This may sound a bit odd, but most of our Universe is actually invisible to our eyes. When we look up at the night's sky and admire that mesmerising blanket of millions of stars, we only see things that emit light, i.e. stars and gas clouds that are heated up so much that they start glowing. But this is only a small percentage of all matter that surrounds us. The so-called dark matter is, indeed, invisible because usually we can't see it in a Universe that is essentially dark.
And yet, every now and then we can catch a glimpse of all the dark dust and gas that's floating through space. When a cloud of this dark matter drifts in front of a bright stellar background, for instance, or when it reflects the light of nearby stars. In the case of IC2087, we observe both.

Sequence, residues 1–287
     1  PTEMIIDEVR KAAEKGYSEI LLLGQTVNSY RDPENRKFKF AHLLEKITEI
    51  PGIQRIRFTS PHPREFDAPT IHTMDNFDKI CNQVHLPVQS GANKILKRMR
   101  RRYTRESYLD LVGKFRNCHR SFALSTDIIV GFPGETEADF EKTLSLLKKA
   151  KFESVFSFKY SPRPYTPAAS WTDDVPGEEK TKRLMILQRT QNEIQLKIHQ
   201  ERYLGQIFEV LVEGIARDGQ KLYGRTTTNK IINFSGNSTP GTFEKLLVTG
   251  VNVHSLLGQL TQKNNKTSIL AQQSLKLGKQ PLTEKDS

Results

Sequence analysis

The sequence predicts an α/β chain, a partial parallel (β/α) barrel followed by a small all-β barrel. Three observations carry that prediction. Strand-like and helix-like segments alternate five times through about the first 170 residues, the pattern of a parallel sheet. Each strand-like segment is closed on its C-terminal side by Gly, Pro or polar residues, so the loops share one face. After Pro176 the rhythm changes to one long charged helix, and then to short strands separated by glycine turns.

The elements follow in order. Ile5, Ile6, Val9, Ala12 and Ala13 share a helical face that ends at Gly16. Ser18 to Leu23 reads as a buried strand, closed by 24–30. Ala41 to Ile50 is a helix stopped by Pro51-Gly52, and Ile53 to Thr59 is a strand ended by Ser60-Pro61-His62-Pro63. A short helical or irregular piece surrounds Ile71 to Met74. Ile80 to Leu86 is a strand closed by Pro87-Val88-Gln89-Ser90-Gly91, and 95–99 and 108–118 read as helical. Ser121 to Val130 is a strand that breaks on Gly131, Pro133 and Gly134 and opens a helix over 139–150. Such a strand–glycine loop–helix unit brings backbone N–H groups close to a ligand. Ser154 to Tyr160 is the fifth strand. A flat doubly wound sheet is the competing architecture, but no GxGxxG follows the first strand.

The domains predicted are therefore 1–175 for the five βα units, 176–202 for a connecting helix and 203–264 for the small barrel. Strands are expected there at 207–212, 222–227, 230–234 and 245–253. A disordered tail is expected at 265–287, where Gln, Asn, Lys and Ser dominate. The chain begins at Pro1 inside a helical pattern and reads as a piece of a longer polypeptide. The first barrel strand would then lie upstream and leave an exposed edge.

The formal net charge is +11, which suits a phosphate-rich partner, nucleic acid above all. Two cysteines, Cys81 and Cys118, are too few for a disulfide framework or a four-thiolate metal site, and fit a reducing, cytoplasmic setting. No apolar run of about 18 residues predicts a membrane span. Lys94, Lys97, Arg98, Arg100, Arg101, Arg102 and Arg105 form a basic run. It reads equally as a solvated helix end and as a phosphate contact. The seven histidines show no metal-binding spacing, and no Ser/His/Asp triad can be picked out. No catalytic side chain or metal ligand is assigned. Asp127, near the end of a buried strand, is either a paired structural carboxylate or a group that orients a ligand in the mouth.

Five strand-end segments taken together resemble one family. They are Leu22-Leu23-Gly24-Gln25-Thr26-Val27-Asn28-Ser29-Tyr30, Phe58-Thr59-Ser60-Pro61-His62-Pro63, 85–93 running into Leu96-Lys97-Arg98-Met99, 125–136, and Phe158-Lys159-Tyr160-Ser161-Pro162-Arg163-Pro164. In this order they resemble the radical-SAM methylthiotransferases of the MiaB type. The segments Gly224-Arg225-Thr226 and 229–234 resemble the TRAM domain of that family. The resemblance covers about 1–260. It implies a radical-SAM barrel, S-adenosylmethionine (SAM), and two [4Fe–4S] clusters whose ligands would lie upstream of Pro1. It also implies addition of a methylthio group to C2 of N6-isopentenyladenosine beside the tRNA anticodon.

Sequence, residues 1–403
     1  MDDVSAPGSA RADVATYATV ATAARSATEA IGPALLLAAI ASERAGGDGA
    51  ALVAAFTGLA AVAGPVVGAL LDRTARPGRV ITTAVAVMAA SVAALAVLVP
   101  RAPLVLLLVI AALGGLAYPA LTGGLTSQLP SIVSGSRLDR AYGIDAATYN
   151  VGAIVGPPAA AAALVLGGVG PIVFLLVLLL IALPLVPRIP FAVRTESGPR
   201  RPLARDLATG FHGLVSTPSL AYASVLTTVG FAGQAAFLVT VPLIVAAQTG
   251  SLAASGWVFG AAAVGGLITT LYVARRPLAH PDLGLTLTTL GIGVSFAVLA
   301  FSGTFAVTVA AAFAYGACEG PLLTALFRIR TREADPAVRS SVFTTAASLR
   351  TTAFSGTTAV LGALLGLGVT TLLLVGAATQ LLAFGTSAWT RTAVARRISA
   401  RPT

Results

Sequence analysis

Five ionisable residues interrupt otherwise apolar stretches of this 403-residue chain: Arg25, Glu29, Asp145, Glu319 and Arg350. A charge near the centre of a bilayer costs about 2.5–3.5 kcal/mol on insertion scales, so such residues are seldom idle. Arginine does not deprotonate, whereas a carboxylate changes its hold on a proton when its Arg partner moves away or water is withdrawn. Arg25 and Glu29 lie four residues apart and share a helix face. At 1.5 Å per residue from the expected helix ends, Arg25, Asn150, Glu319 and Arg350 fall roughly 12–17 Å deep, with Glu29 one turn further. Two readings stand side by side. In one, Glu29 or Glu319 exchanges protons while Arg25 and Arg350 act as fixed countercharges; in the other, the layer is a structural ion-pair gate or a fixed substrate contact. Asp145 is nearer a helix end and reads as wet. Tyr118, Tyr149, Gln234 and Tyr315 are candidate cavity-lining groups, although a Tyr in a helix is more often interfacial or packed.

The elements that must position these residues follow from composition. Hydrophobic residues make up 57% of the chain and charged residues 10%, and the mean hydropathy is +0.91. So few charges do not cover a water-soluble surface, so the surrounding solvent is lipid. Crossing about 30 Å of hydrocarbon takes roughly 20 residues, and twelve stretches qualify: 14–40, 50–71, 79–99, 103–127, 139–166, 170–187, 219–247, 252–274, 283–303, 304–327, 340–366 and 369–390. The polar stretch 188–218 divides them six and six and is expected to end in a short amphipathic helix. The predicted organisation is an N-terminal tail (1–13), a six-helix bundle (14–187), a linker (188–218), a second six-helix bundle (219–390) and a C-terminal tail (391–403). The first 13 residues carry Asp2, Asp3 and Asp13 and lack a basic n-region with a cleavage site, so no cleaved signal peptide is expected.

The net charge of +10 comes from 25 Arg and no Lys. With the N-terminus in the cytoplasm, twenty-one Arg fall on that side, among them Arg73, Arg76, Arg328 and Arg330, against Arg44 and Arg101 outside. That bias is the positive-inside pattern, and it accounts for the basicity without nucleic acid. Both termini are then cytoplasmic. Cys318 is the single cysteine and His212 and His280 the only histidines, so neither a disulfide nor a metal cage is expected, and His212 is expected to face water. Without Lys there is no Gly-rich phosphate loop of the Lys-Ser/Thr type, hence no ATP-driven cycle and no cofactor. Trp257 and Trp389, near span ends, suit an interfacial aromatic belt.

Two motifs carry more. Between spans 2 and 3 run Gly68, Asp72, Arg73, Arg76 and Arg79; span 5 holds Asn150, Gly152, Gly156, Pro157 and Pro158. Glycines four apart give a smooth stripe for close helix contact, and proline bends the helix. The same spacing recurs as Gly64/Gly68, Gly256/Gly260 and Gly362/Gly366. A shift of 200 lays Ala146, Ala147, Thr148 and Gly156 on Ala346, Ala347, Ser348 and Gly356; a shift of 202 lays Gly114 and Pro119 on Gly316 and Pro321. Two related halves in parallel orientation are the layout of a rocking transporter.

On the border between Taurus and Auriga there's a gigantic dust cloud, merely 700 light-years distant and denominated as Barnard 22, which blocks the light of all the stars that lie behind it. Just point your telescope in that direction and you'll agree that there are only very few stars to be seen. Even with my binoscope the field of view looked strangely empty. In the middle of all that darkness, however, you may find the bright patch which is the protagonist of this blog post. IC2087 is a reflection nebula, i.e. that this cloud merely reflects the light of stars that are embedded in it. Careful study of this cloud with infrared telescopes has not only revealed its main light source, but also that this nebula contains a lot of embryonic stars. These baby stars haven't really lit up yet and therefore the nebula remains difficult to see, for the moment. But soon fusion will kick in in the star's cores and the gas and dust will be heated up. Probably, within a couple of hundreds of thousands of years, this nebula will become a spectacular stellar nursery, brighter than the Orion Nebula.